Everyone is talking about In Memory at the moment. On blogs, in tweets, in the press, in the Oracle marketing department, in books by SAP employees, even my Violin colleagues… it’s everywhere. What can I possibly add that will be of any value?
Well, how about owning up to something: I find myself in a bit of a quandary on this subject. On the one hand it’s a new buzzword, which means that a) it’s got everyone’s attention, and b) many people with their own agenda will seek to use it to their advantage… but on the other hand, given the nature of my employment (I work for Violin Memory, purveyors of flash memory systems), it seems like something we ought to be talking about.
As anyone who works in the IT industry knows (and perhaps it’s the same in other industries), we love a buzzword. Cloud, Analytics, Big Data, In Memory, Transformation… all of these phrases have been used at one time or another to try and wring cash out of customers who may or may not need the services and products they imagine the phrase represents. Even back at the end of the last millenium consultants worldwide were making huge amounts of money out of exploiting the phrase “Y2K”, some with more honourable intentions than others. I remember my old school received a letter from a “Y2K conformance specialist” informing them that this person could visit and inspect their football pitches to ensure they were “Y2K compliant”… (true story!)
So if buzzwords are prone to misuse, maybe the first thing we need to do is explore what “In Memory” really means? In fact, rewind a step – what do we mean when we say “Memory”?
What Is Memory?
It’s a basic question, but a good definition is surprisingly hard to pin down. Clearly this is an IT blog so (despite the deceiving picture above) I am only interested in talking about computer memory rather than the stuff in my head which stops working after I drink tequila. The definition of this term in the Free Online Dictionary of Computing is:
So that’s any device that can hold data in machine-readable format. So far so ambiguous. And of course that is the perfect situation for any would-be freeloader to exploit, since the less well-defined a definition is, the more room there is to manoeuvre any product into position as a candidate for that description.
Here’s what most people think of when they talk about computer memory… DRAM:
This is Dynamic Random Access Memory – and it’s most likely what’s in your laptop, your desktop and your servers. You know all about this stuff – it’s fast, it’s volatile (i.e. the data stored on it is lost when the power goes off) and it’s comparatively expensive to say… disk, for which many orders of magnitude more are available at the same price point.
But now there is a new type of “memory” on the market, NAND flash memory. Actually it’s been around for over 25 years (read this great article for more details) but it is only now that we are seeing it being adopted en mass in data-centres, as well as being prevalent in consumer devices – the chances are your phone contains NAND flash, your tablet (if you have one) and maybe your computer if you are fortunate enough to have an SSD drive in it.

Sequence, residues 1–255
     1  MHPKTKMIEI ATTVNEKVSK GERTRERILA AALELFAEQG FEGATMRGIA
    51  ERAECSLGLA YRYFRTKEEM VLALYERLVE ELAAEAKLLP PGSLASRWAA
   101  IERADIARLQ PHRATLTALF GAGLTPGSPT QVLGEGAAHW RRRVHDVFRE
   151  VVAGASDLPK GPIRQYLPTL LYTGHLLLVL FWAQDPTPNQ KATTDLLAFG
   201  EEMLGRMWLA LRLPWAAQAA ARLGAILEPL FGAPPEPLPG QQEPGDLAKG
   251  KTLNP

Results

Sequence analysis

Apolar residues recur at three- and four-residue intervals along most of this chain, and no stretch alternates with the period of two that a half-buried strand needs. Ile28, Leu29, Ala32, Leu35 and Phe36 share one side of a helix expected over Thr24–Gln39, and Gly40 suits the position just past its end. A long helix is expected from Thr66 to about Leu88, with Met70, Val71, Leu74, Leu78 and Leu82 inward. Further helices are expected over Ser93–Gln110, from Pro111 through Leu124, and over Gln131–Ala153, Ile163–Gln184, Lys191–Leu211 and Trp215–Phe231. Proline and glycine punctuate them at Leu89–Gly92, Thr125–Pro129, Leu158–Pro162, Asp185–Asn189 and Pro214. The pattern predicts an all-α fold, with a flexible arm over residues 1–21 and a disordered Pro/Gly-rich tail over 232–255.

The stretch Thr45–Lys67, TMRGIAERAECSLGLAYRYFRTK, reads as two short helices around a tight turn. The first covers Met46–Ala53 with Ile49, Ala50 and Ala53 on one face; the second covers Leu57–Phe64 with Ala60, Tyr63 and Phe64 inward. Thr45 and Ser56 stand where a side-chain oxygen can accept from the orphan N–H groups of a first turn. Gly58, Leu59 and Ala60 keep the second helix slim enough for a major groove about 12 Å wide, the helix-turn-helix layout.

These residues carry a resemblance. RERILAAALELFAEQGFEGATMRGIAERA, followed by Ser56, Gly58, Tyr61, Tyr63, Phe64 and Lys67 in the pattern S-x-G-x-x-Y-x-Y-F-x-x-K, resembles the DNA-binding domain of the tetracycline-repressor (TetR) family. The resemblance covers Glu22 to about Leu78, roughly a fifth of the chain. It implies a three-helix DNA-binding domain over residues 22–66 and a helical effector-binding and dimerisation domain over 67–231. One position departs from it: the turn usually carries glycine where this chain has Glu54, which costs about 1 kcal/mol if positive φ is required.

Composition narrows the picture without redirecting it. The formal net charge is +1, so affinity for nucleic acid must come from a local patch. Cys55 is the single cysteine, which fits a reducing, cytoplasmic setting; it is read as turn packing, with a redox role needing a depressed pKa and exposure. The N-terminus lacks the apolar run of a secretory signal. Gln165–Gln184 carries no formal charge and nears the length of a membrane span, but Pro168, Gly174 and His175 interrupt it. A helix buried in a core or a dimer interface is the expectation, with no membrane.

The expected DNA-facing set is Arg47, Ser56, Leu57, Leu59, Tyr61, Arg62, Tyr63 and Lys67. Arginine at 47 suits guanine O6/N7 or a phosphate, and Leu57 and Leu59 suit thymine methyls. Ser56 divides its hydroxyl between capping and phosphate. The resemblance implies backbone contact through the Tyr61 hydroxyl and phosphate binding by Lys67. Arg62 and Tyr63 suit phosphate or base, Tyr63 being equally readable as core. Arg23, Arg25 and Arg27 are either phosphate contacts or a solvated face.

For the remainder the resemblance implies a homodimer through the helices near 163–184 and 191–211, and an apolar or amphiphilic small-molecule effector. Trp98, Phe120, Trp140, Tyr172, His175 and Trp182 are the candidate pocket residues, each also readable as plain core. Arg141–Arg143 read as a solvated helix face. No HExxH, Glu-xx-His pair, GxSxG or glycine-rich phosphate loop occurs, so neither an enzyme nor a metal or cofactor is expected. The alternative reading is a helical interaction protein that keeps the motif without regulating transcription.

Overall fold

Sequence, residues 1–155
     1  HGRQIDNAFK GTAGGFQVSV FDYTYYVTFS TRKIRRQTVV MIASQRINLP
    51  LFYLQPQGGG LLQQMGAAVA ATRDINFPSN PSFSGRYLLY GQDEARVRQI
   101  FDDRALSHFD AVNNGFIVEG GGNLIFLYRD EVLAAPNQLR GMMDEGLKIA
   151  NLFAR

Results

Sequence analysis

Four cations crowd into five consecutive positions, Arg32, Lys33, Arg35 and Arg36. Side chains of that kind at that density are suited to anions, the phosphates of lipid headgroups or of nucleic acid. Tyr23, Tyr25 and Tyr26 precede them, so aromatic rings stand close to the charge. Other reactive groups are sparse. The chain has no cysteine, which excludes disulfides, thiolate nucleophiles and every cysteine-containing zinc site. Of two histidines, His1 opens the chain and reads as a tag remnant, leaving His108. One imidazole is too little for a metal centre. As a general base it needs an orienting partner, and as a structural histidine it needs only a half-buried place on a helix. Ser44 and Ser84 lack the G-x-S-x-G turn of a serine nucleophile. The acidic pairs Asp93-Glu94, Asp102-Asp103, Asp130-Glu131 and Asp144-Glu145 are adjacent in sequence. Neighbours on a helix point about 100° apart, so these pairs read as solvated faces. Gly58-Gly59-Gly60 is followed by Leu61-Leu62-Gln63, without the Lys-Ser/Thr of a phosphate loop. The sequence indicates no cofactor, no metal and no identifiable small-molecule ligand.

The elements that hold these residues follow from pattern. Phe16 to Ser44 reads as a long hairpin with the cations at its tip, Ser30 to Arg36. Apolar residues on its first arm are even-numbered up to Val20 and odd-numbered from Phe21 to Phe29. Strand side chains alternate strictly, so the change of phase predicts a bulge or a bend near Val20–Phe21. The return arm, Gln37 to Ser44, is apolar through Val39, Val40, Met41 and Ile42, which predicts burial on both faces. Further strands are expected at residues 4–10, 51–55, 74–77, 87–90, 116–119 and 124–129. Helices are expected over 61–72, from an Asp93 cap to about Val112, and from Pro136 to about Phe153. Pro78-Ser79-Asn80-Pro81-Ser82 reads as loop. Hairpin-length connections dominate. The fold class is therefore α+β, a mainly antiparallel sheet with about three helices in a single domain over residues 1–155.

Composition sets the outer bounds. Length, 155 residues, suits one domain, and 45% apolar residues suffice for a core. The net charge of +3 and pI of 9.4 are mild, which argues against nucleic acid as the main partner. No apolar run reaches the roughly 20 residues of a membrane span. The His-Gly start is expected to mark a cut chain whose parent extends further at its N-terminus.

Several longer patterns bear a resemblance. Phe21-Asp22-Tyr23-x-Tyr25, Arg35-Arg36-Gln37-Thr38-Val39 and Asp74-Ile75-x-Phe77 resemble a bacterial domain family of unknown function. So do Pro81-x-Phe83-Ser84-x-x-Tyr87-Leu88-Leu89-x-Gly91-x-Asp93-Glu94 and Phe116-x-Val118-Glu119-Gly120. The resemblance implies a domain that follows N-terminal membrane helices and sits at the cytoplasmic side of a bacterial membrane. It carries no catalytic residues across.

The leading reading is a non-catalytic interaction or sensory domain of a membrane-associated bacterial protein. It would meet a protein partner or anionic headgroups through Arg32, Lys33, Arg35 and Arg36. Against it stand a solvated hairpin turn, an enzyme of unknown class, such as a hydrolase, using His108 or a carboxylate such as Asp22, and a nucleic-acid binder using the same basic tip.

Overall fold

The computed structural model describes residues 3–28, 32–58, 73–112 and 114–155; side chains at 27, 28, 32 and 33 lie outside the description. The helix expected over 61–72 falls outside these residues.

Flash memory, unlike DRAM, is persistent. That means when the power goes, the data remains. Flash access speeds are measured in microseconds – let’s say around 100 microseconds for a single random access. That’s significantly faster than disk, which is measured in (multiple) milliseconds – but still slower than DRAM, for which you would expect an access in around 100 nanoseconds. Flash is available in many forms, from USB devices and SSDs which fit into normal hard drive bays, through PCIe cards which connect direct to the system bus, and on to enterprise-class storage arrays such as those made by my employer like the Violin Memory 6000 series array.
Is flash a type of memory? It certainly fits the dictionary description above. But if you run something on flash, can you describe that something as now running “in memory”? You could argue the point either way I suppose.
Since we don’t seem to be doing well with defining what memory is, let’s change tack and talk about what it definitely isn’t. And that’s simple, because it definitely isn’t disk.
Whether it’s part of the formal definition or not, almost anyone would assume that memory is fast and non-mechanical, i.e. it has no moving parts. It is all semiconductors and silicon, not motors and magnets. A hard disk drive, with its rotating platters and moving actuator arm, is about the most un-memory-like way you can find to store your data, short of putting it on a big reel of tape. And, consistent with our experience of memory versus non-memory devices, it’s slow. In fact, every disk array vendor in the industry stuffs their enterprise disk arrays full of DRAM caches to make up for the slow performance of disk. So memory is something they use to mask the speed of their non-memory-based storage. Hang on then, if you have a small enough dataset so that the majority of your disk reads are coming from your disk array cache, does that mean you are running “in memory” too? No of course not, but the ambiguity is there to be exploited.